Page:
In our previous blog, we discussed the pros and cons of concrete, where one of its primary flaws is its contribution to global greenhouse gas emissions. Lots of CO2 is emitted through concrete and cement production.
Are there any organic replacements for the substance then? Why aren’t our buildings made of wood? In contrast to concrete, it may not be as easy to name an iconic structure in the capital where wood or timber is the dominant element.
There is one though: the reconstructed Shakespeare Globe in Southwark. The so-called ‘wooden O’ was made from an oak frame structure, a thatched roof and lime plaster infill panels. Sam Wanamaker, the actor and director behind the reconstruction, insisted on recreating a timber frame, as was the case in the original mediaeval theatre.
However, government regulations were not easy to overcome and remarkably, the Globe was the first timber-frame building to be allowed in central London since the great fire of 1666!
The combustibility of the material remains a significant reason that prevents wood to be used in England on the scale that it’s employed in countries like Canada or New Zealand, where timber frame claims 90% of market share compared to concrete, steel, and masonry. With the Grenfell disaster still lingering in public memory, in 2021, Sadiq Khan introduced a ban on combustible materials being used in external walls for all residential development.
So what, then, is timber good for?
The headline advantage of wood in our current era is its sustainability and renewability. Timber harvest and modification is nowhere as polluting as cement and brick production. More importantly, as trees are grown (with proper forest management) to produce timber, they can even absorb and store atmospheric carbon within themselves – at roughly a tonne of CO2 inside a cubic metre of wood! Thus, compared to other structures, wooden ones have significantly lower ‘embodied carbon’, meaning greenhouse gas emission arising from manufacturing, transportation, installation, maintenance, and disposal of building materials. This statistic, measured in most of our projects at Lyons O’Neill, is a critical indicator of a building’s environmental impact, but has been under-reported and under-accounted for until recently.
At the moment, the material’s most prevalent use in creating structure. According to a report last year, around 23% of new English homes use timber frames compared to 75% in Scotland, which can capture over one million tonnes of CO2 a year as a result. More progress can be made there, but the greater challenge is incorporating timber in commercial and industrial construction on larger scales and with stricter safety standards.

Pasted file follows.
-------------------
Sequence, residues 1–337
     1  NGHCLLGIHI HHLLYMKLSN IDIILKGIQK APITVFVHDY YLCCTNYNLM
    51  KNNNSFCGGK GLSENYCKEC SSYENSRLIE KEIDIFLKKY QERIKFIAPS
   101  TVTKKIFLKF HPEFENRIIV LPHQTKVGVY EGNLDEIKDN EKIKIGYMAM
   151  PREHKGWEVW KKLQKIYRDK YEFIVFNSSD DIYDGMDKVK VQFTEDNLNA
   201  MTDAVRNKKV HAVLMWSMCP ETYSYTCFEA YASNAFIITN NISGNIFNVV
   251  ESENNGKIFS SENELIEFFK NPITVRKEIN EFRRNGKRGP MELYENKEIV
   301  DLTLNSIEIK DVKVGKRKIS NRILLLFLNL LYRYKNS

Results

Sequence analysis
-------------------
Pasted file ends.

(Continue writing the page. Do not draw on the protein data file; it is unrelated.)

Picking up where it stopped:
Cross-laminated timber (CLT) is a relatively recent innovation to answer the challenge. As a type of ‘engineered wood’ made up of multiple layers glued together, engineers have been able to rely on its strength to withstand heavy loads. Some architectural firms are using this new material to create fully wooden office buildings. Lyons O’Neill also has designed many projects with this material, including the CLT roof structure for the International Presbyterian Church in West Ealing.
Other arguments exist. There is also an aesthetic case for using wood as the internal cover of a building. Kengo Kuma, the Japanese architect who covered the inside of the V&A Dundee with oak panels, commented that they convey warmth, welcome and airy lightness. Being inside the Globe is said to be akin to a wooden hug. Additionally, as a porous material, the substance can contribute to regulating airflow, which makes houses cooler and more resistant to the mould that plagues concrete 20th-century buildings.
While cost and safety considerations are still rightly amongst the highest priorities, some more enthusiasm towards timber might be warranted as we greet ever hotter summers in a changing climate and as tree-planting ramps up as a dominant carbon offset measure. We look forward to seeing and contributing to more innovative timber buildings very soon.